9 Figure 1 Histogram of breathalyser scores by gender from a survey of the Night Time Economy Although the consumption of alcohol is legal for those aged five years and older there exists legislation that both restricts the sale and consumption of alcohol [19], criminalises the misuse of alcohol and the effects of alcohol are further implicated in a range of statutory offences including acts of violence and criminal damage. Alcohol use and misuse therefore figures prominently in the criminal justice system. While the 2003 Licensing Act is currently the primary legislation governing alcohol use and supply the fact that alcohol is implicated in a range of criminal acts means AAI also falls within the 1998 Crime and Disorder Act, 2001 Criminal Justice and Police Act, 2006 Violent Crime Reduction Act, 2003 Anti-social Behaviour Act and others. Alcohol-specific crimes include being drunk and incapable or drunk and disorderly in a public place or on licensed premises, being drunk in charge of a child under seven years of age, buying alcohol for someone who is already drunk, and selling alcohol to a drunken person. For those exhibiting AAI there are a number of referral and awareness schemes available. Currently there are on-going efforts to develop the use of Sobriety Schemes in England and Wales. These Schemes find their origins in the Violent Crime Reduction Act 2006 and the Violent Crime Reduction Act 2006 (Drinking Banning Orders) Regulations Those who have behaved in a disorderly manner or who have committed a criminal offence while under the influence of alcohol are given the option of a civil court imposed period of sobriety or a tougher criminal punishment. This conditional caution scheme targets low-level offences including drunk and disorderly, criminal damage and public disorder affray and will be facilitated through the Legal Aid, Sentencing and Punishment of Offenders Bill currently progressing through Parliament 1. Legislation and associated guidance encourages a partnership approach to managing areas in which alcohol use is prolific. These attempts to control behaviour and respond to the symptoms of alcohol misuse within particular areas further involves partnerships between those who supply alcohol, private security, resident groups, local authorities, and health boards, partnerships that are not necessarily harmonious in their view of the severity, extent and causes of alcohol-related harm [20]. For example, Local Government will often highlight 1 8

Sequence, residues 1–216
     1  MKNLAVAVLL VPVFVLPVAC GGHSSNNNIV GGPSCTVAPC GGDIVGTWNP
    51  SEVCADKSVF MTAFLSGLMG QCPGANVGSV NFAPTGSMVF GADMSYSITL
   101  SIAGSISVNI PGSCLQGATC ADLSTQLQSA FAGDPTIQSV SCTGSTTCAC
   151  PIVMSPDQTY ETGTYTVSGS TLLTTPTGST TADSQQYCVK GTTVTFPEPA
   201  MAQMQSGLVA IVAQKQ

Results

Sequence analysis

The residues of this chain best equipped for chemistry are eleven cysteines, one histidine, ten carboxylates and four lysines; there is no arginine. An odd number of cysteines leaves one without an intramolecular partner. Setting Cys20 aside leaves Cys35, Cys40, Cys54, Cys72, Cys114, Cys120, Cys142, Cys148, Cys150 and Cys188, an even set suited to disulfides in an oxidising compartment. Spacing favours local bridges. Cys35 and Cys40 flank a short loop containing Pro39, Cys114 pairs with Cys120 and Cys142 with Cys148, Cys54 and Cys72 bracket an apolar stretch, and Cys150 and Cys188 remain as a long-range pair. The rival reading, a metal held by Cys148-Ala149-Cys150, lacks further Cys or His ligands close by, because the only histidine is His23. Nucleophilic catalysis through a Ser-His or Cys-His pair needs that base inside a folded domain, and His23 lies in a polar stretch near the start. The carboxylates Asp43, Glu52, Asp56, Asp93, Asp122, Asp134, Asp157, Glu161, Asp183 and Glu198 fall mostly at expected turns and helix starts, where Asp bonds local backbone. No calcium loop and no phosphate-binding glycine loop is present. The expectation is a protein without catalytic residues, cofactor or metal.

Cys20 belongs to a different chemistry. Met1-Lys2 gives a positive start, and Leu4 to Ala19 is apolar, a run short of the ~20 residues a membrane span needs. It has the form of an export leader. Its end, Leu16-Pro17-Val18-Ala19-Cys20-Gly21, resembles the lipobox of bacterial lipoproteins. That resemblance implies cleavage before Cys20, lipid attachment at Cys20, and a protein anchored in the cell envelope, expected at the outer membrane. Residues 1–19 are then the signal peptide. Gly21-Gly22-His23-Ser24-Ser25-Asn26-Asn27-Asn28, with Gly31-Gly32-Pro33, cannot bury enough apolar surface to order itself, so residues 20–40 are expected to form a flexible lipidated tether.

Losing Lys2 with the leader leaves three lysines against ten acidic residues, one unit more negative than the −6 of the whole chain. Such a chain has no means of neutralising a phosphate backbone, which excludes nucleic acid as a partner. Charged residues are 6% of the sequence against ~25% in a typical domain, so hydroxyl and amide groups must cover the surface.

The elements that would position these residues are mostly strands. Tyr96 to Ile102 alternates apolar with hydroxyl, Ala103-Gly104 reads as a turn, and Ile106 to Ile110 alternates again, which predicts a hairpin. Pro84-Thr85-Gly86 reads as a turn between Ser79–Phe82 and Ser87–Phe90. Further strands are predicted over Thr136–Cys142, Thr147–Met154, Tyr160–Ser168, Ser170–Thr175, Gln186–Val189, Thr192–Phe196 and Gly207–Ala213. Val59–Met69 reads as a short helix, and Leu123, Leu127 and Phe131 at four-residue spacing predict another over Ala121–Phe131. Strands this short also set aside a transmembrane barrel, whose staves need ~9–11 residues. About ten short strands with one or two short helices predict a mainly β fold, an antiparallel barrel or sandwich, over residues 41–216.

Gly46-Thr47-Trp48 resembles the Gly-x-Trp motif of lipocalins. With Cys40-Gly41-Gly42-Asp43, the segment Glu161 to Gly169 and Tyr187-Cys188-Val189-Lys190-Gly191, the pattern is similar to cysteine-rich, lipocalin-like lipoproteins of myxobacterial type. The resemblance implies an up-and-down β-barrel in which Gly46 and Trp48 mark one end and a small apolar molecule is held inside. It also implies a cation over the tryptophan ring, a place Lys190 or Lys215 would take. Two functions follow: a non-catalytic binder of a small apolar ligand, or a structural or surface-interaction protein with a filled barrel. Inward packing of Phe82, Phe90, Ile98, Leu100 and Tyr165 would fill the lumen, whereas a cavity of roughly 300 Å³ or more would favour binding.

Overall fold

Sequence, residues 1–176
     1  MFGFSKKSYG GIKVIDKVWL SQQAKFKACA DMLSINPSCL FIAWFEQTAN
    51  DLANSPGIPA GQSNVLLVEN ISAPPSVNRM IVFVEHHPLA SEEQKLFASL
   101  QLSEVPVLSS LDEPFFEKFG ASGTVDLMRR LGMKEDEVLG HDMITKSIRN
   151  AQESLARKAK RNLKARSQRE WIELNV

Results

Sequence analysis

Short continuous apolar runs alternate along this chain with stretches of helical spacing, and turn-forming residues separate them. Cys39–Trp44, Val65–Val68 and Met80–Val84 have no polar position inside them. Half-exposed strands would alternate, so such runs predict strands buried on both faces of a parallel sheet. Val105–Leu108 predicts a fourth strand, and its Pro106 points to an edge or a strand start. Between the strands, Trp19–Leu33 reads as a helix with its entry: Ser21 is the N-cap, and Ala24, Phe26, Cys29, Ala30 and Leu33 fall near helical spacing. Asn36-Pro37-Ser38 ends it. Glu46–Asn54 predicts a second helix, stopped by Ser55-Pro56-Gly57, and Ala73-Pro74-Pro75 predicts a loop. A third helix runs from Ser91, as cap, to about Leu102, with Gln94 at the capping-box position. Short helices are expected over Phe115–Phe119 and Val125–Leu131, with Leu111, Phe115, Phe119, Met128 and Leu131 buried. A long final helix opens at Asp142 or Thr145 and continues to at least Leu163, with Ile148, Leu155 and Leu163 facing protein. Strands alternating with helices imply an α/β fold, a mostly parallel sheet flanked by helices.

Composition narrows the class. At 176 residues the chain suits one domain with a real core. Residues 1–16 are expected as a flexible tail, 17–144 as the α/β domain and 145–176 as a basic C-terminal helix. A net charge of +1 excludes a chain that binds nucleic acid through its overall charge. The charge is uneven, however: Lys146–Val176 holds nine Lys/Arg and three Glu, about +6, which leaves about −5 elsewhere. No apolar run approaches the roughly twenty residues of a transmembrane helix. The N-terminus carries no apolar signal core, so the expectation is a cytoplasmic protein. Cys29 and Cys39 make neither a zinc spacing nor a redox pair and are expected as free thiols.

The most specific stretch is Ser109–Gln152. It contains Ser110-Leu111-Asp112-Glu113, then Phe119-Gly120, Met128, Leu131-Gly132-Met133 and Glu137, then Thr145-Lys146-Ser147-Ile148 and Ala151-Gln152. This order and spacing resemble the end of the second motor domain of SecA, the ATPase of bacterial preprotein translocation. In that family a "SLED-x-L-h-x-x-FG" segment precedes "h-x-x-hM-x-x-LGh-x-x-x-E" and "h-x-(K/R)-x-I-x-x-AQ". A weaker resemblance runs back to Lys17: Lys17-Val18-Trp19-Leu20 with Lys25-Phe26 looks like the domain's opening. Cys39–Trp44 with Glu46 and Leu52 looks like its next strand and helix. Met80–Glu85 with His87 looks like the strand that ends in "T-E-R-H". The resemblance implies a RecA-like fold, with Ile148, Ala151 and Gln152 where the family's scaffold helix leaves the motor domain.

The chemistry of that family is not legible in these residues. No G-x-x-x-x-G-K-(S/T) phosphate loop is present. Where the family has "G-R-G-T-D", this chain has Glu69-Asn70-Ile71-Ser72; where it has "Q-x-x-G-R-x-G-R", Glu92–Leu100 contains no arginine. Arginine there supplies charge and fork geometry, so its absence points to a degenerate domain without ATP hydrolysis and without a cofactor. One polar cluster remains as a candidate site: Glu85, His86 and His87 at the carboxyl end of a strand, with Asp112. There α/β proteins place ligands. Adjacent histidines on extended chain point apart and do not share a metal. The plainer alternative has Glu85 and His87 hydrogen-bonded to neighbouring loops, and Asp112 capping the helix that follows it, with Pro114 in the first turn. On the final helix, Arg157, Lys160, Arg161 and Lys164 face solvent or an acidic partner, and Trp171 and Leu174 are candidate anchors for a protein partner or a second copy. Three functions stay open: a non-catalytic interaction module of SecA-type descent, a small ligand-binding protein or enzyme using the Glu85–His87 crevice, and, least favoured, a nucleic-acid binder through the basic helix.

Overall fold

10 a vibrant NTE as a positive feature of a city whereas health services might highlight the harms generated in such locations. Of the principal statutory partners involved with managing the NTE only the police will visibly work to reduce levels of disorder and are therefore the only partner engaged directly with crime reduction. In addition to this role, the police are also able to refer onwards those whose behaviour falls under the remit of drunk and disorderly and drunk and incapable. In South Wales this includes the Integrated Offender Interventions Service, that can include treatment for alcohol abuse and substance misuse, developed through partnerships between the Welsh Government, Wales Probation Trust, NOMS Cymru and South Wales Police. However, in terms of managing AAI in the NTE, and irrespective of any offense committed, welfare is primary. Guidance issued by the Association of Chief Police Officers and the National Policing Improvement Agency [21] states [d]runk and incapable means that an individual has consumed alcohol to the point of being unable to either walk unaided or stand unaided or is unaware of their own actions, or unable to fully understand what is said to them." As a guide, it is suggested that, if someone appears to be drunk and showing any aspect of incapability which is perceived to result from that drunkenness, then that person should be treated as being drunk and incapable. A person found to be drunk and incapable should be treated as being in need of medical assistance and hospital and an ambulance should be called. If a drunk and incapable person who is under arrest declines or is refused medical treatment, they should, only as a last resort, be taken into custody at a police station. "The fact that a person has declined or has been refused treatment does not absolve the police or medical services of their responsibility." One reason for the need of clinical expertise in managing AAI is that head injury victims and people with diabetes may appear to be drunk. The risks associated with AAI are, as already noted, numerous and an eleven year audit of deaths in custody by the Independent Police Complaints Commission found a significant proportion involved alcohol or alcohol and drugs (60% in 2008/9) [22]. The first recommendation in this report being [p]olice forces and local health service providers and commissioners should adopt the ACPO Safer Detention Guidelines (2006) and develop protocols on the care of drunken detainees. Given the strong link between alcohol and deaths in custody the Home Office and Department of Health should pilot alternative facilities for intoxicated people with access to medical provision, with a view to developing a national scheme. This relationship between deaths in custody and alcohol is not unique to England and Wales, similar patterns are documented in Australia [23], Canada [24] and housing the intoxicated in custody is strongly opposed in Scotland [25]. A systematic review of violence in emergency departments documented an association between increased violence against staff and longer waiting times [11] and, as discussed (Section 6), ED bottlenecks attributable to increased attendances for alcohol-related harm, coupled with a general increase of pressure on available resources [26], contributes to a range of effects including reduced ambulance capacity. It is further known that unnecessary attendances undermine the provision of care in ED [26]. A report ordered by the House of Commons into NHS ambulance services contained the observation that [d]elays in handing over patients from ambulances to hospitals lead to poor patient experience and reduced capacity in ambulance services. Over one-fifth of patient handovers from ambulance crews to ED staff at hospitals take longer than the 15 minutes recommended in guidance. If ambulances are queuing in hospitals, they are not available to take other calls. Commissioners should take a consistent approach to penalising hospitals that do not adhere to the guidance of 15 minute handovers and the Department should also develop a quality indicator for hospital trusts on hospital handover times [27]. Opportunities to reduce impact on ED attendances include diverting low priority emergency ambulance 9